AAFC Numbers Included
The Pro Football Hall of Fame’s Top Twenty lists differ slightly from other similar lists because the statistics from the All-America Football Conference (1946-1949) are included. Today, there are just three players who are ranked in the Top 20 of the four main statistical categories (passing, receiving, rushing and scoring) who played part of their careers in the AAFC. When the Hall’s Top 20 display and accompanying lists debuted at the conclusion of the 1968 season, there were nine players ranked among the career leaders who had connections to the defunct AAFC.
Otto Graham (left), the legendary quarterback of the Cleveland Browns is currently ranked 10th all-time in passer rating. Without his four-year totals in the AAFC, he would not rank in the Top 20. Likewise, Hall of Fame running back Joe Perry 's total of 9,723 yards currently ranks him No. 18 all time among the Top 20 rushers. If his 1,345 yards gained in the All-America Football Conference were not included in that total, he too would not have a Top 20 ranking.
Lou “The Toe” Groza , a teammate of Graham in Cleveland, ranks seventh all-time in scoring with 1,608 points. Without his 259 points from the AAFC, Groza would be in 19th place.
Better With Age
In his 10th NFL season, Curtis Martin of the New York Jets rushed for a career-high and team-record 1,697 yards to lead the league in rushing for the first time in his career. At age 31, he is the older player ever to lead the NFL in rushing. He also became just the second player in NFL history, joining Hall of Famer Barry Sanders , to rush for 1,000 yards in each of his first 10 seasons in the NFL.
In 2004, for just the second time in NFL history, the NFL had four quarterbacks register a rating of 100 or higher in the same season. Leading the way was Peyton Manning of the Indianapolis Colts who established an NFL record for passer rating in a single-season (121.1). The other QBs to achieve a passer rating of 100 or more in 2004 were Daunte Culpepper of the Minnesota Vikings (110.9), Drew Brees of the San Diego Chargers (104.8), and Donovan McNabb of the NFC champion Philadelphia Eagles (104.7).
The other occurrence of four 100-point passers came in 1998 with Randall Cunningham (Vikings), Vinny Testaverde (Jets), Steve Young (49ers) and Chris Chandler (Falcons).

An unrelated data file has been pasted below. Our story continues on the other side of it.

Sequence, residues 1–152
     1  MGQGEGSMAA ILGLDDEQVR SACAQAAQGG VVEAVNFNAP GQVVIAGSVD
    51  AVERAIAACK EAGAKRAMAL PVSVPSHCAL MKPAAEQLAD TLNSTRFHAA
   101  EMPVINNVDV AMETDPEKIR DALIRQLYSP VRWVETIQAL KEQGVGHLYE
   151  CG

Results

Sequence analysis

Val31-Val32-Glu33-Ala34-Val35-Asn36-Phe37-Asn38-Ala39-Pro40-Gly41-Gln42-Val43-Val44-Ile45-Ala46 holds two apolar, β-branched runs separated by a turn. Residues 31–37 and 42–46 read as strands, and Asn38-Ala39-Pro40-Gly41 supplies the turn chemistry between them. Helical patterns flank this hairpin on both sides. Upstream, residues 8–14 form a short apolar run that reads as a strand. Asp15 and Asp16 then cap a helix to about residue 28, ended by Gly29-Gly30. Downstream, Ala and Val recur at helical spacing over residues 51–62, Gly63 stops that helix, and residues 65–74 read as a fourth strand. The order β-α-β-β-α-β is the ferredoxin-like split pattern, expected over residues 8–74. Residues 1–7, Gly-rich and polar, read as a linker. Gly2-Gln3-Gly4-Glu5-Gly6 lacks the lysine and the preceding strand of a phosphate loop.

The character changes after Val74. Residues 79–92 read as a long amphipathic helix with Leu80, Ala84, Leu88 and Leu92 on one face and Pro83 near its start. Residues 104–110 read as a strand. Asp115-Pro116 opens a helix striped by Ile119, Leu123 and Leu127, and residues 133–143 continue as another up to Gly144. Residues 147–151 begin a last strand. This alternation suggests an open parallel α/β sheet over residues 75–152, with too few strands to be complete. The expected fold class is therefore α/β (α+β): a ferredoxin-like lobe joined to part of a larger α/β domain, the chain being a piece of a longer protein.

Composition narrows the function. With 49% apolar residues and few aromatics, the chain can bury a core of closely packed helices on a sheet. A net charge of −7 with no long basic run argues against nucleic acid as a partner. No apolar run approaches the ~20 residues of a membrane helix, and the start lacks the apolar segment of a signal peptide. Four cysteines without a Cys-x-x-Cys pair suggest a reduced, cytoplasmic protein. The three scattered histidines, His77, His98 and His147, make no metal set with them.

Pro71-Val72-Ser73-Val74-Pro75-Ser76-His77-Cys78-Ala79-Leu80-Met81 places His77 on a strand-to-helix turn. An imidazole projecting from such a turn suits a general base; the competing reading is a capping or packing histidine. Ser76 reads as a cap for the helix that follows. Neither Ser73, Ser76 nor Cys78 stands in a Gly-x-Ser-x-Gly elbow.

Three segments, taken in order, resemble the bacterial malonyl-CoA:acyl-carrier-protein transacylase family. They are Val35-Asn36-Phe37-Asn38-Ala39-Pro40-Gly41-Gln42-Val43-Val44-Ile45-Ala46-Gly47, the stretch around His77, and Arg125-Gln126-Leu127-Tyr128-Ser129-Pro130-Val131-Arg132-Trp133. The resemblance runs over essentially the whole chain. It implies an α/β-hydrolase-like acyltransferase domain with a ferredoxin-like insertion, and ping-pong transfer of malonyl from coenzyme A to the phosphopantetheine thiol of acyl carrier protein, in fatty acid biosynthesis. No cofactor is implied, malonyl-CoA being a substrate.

Finding the End Zone
In just seven NFL seasons, Peyton Manning has thrown 216 touchdown passes including his record 49 TD passes in 2004. That places him 20th all-time in total touchdown passes. He’s on pace with the NFL record holder in that category. Class of 2005 inductee Dan Marino racked up 220 TD passes during his first seven years in the league. Marino finished his 17-season Hall of Fame career with 420 TDs.
Denver Broncos placekicker Jason Elam has scored 100 points in each of his 12 seasons in the NFL including the 129 points he added in 2004 which was second highest point total of his career. Only Gary Anderson and Morten Andersen have had more 100-point seasons. Each of those kickers has amassed 100 points 14 times during their career. Andersen fell one point short of 100 in 2004.
In 1986, Hall of Famer Charlie Joiner of the San Diego Chargers became the first player in NFL history to reach the 700-reception plateau. Today, all of the Top 20 receivers have 700-plus career catches.
In fact, 11 of the Top 20 receivers of all-time have more than 800 career catches including the Indianapolis Colts’ Marvin Harrison (right) who reached that level in 2004. He added 86 catches for 1,113 yards and 15 TDs for the Colts this past season to help him climb to 7th on the all-time receptions leaders list with 845 career grabs.
Best of Today
The 34 active players ranked in the Pro Football Hall of Fame’s Top 20 rankings at the end of the 2004 NFL season are the most ever since the Pro Football Hall of Fame's Top 20 lists of passing, receiving, rushing, and scoring debuted following the 1968 season.
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